How to migrate Spark’s default database with metabase on Derby
How to migrate Spark’s default database with metabase on Derby#
Default Apache Spark database storage location configured by Querona is in
It is okay for development and test environments, but for production, we recommend to change the default location to a different one.
This guide’s objective is to describe actions required to migrate Spark default database to a different location, when using Derby as Spark metabase.
Introduction and Prerequisites#
A built-in Spark keeps its metadata in one of the supported engines:
Microsoft SQL Server in a database called
SparkMetastoreon a designated MS SQL Server instance
Apache Derby in a folder
c:\ProgramData\Querona\metastore_dbon a Querona server
In this article we focus on Derby. If you use MS SQL Server as metabase, please see Spark default database migration guide.
To migrate Spark’s database with metadata hosted on Derby, we need to update three tables in Spark metastore database:
as they keep the locations for database and tables respectively.
User or users performing the migration steps need to collectively have:
administrative access to Querona,
administrative access to Spark metadata database,
administrative access to the folder holding the actual Spark database files,
administrative access to the destination folder.
Basic knowledge of SQL language is required.
Step 1, shutdown the Spark instance#
Connect to Querona’s administrative portal with administrative privileges and shutdown Spark instance: STOP., select you local Spark connection and click
It is vital to stop Spark instance before attempting to do any metadata operations.
Step 2, prepare a backup of Spark metabase#
Before updating any data prepare a backup of Spark metabase.
Step 3, create and configure a destination folder for database files#
Create a folder that will hold the database files of the migrated database using tools of your operating system. In this article we assume that our destination folder is d:\warehouse.
It is recommended to leave the source files intact, and delete them at the end of the procedure, only when you verify that the migrated database is readable.
The newly created folder does not have proper security Access Control Lists (ACL’s) set on it, that are required by Spark to run.
To set the necessary ACL’s go to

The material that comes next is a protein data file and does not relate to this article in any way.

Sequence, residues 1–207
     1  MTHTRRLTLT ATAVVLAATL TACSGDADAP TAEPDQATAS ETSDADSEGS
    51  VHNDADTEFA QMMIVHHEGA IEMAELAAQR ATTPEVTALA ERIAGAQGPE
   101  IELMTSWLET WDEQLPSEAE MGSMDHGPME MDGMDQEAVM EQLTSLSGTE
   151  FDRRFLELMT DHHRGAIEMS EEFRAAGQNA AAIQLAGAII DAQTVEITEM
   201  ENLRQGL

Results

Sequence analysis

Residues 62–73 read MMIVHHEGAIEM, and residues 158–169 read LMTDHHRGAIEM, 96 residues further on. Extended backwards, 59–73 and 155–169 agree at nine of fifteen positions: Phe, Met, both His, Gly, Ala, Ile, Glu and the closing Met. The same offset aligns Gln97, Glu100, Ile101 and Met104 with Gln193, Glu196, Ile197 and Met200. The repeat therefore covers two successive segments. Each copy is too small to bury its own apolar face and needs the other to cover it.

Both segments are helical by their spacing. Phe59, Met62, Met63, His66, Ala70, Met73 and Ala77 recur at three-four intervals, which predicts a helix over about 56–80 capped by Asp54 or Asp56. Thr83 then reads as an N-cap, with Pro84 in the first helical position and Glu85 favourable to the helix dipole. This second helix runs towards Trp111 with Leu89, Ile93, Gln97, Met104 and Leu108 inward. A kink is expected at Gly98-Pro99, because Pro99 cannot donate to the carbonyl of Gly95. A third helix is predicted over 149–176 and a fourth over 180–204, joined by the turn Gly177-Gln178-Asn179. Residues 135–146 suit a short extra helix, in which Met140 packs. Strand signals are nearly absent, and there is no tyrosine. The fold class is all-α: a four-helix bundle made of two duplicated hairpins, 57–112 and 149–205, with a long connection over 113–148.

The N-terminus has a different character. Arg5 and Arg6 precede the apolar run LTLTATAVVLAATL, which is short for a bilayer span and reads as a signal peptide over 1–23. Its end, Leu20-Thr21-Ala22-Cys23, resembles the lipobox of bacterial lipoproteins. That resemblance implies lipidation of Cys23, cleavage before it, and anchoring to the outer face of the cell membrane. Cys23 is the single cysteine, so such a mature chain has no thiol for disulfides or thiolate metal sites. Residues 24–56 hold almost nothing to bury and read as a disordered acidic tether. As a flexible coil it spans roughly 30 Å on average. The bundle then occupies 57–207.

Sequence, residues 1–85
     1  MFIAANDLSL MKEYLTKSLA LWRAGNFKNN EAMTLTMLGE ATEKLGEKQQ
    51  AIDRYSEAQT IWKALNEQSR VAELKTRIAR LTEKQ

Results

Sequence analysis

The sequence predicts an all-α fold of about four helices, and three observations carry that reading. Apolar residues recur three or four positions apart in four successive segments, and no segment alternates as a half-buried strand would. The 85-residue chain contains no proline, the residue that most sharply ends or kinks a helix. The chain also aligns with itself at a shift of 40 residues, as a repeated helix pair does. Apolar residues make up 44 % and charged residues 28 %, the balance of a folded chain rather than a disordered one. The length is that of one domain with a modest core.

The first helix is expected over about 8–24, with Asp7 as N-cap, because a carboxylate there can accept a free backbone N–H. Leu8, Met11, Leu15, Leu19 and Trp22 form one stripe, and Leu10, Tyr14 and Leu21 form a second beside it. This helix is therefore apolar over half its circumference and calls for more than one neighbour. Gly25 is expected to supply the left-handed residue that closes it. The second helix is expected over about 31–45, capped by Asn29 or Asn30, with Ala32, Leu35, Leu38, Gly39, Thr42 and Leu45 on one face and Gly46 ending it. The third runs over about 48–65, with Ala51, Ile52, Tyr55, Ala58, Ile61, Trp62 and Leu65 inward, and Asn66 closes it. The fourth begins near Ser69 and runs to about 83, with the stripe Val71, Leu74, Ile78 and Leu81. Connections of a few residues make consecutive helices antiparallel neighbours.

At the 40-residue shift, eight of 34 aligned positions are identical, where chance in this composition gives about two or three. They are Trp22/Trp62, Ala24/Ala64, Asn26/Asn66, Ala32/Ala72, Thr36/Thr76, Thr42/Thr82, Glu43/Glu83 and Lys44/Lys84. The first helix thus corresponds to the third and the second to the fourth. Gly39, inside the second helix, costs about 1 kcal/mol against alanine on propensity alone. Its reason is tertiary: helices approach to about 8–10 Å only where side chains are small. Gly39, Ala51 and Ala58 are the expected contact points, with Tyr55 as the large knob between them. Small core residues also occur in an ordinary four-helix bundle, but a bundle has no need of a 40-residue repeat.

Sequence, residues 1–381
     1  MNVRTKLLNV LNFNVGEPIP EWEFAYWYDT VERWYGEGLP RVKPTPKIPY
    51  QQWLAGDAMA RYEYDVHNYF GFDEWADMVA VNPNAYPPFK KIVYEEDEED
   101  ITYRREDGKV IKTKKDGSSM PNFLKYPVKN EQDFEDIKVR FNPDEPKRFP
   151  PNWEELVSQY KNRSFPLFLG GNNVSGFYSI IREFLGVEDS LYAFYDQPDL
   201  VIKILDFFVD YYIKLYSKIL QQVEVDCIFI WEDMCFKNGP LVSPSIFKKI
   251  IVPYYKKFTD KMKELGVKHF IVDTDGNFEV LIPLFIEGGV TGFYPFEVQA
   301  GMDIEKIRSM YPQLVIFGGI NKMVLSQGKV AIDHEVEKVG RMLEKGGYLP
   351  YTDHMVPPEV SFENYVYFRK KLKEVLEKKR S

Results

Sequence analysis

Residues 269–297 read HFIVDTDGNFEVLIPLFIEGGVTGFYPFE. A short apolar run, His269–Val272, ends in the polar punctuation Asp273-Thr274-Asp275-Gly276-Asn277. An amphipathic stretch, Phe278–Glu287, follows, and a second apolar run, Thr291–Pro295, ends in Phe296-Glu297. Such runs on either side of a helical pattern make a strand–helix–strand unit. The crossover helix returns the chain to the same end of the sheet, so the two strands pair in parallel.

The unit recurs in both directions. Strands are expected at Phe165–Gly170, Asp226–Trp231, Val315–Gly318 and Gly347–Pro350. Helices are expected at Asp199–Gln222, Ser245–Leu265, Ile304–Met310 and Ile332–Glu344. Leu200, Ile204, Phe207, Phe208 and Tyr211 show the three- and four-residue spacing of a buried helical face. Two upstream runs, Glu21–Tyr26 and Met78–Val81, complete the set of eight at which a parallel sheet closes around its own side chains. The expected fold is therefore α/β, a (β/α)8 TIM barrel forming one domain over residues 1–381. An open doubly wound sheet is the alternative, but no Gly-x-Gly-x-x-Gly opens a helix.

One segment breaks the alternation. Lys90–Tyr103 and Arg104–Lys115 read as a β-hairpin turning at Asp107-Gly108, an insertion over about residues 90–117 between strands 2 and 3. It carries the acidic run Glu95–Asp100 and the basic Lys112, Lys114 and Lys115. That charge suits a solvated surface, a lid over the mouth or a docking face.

Make a copy of the file
FixHiveACL.bat, name it
FixHiveACL-new.bat and edit the copy.
Change the lines inside the
..\hadoop\hadoop-2.6.0\bin\winutils.exe chmod 777 ../../tmp/hive ..\hadoop\hadoop-2.6.0\bin\winutils.exe chmod 777 ../../warehouse
using our example destination path, into:
..\hadoop\hadoop-2.6.0\bin\winutils.exe chmod 777 d:/warehouse/tmp/hive ..\hadoop\hadoop-2.6.0\bin\winutils.exe chmod 777 d:/warehouse
and save the file.
Open an elevated command prompt, change the current directory to
%ProgramData%\Querona\lib\tools\ and execute the
The script should execute without errors. If “access denied” error occurs, most probably you did not open command line with administrative privileges.
Step 4, copy files to the destination folder#
Copy the contents of
%ProgramData%\Querona\warehouse into the destination folder (e.g.:
While the copying process executes, you can proceed to Step 5.
Step 5, connect to Derby database holding Spark metastore#
Download file Apache Derby 10.14.2.0 and uncompress it to the folder on Querona server
Ensure that a recent backup of metastore_db database is available
Login to the Querona server using Remote Desktop
Start Windows command line and change your current directory to the folder holding Apache Derby files obtained in (1)
Change directory to bin
ijcommand and press Enter
In ij console run the following commands:
connect 'jdbc:derby:c:\ProgramData\Querona\metastore_db'; autocommit OFF;
If ij returns and error stating that metabase was created with a newer version, download the reported ij version from Apache Derby <https://archive.apache.org/dist/db/derby> and start again using the newer version if ij.
Step 6, modify file locations in metabase#
Using the ij console run the following SQL commands.
List contents of
DBS table and verify the current location of the database:
SELECT * FROM APP.DBS;
Results of the query should look like shown below:
Default Hive database
Edit the following script and change the string
'file://drive:/your/new/path' into the destination folder path (do not add the trailing slash ‘/’):
-- DBS update APP.DBS set DB_LOCATION_URI = 'file://drive:/your/new/path' where DB_LOCATION_URI = 'file:/c:/ProgramData/Querona/warehouse' ;
The execution result should be similar to the one below:
1 row affected
Edit the following script and change the string
'file://drive:/your/new/path/' to the destination folder path (add the trailing slash ‘/’):
-- SDS update APP.SDS set LOCATION = 'file://drive:/your/new/path/' || substr(location, length('file:/c:/ProgramData/Querona/warehouse' + 1, length(location)) where LOCATION like 'file:/c:/ProgramData/Querona/warehouse' || '%';
The execution result should be similar to the one below, depending on how many tables you have:
4632 rows affected
Verify that all entries were updated as expected and issue the following statement to save your changes:
ij console by issuing the exit command:
Step 7, start Spark and verify that data is readable#
Ensure that the copying process from Step 4 completed successfully.
Use Querona Administrative Portal to start Spark instance: START. Verify that data from migrated database is available, for example, by executing queries in Querona that affect data from Spark., select you local Spark connection and click
Step 8, plan to delete the source folder if not needed#
After the successful verification of migration, source files may be deleted, if not needed.
That concludes the Spark database migration procedure.